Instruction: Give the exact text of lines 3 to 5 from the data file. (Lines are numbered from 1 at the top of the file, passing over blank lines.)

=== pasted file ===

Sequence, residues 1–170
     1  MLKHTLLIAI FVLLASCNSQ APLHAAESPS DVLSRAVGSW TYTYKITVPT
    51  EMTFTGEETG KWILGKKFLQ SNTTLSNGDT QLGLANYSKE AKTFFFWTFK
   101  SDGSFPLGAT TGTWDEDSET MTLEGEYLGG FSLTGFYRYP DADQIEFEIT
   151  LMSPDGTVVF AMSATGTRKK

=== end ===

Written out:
    51  EMTFTGEETG KWILGKKFLQ SNTTLSNGDT QLGLANYSKE AKTFFFWTFK
   101  SDGSFPLGAT TGTWDEDSET MTLEGEYLGG FSLTGFYRYP DADQIEFEIT
   151  LMSPDGTVVF AMSATGTRKK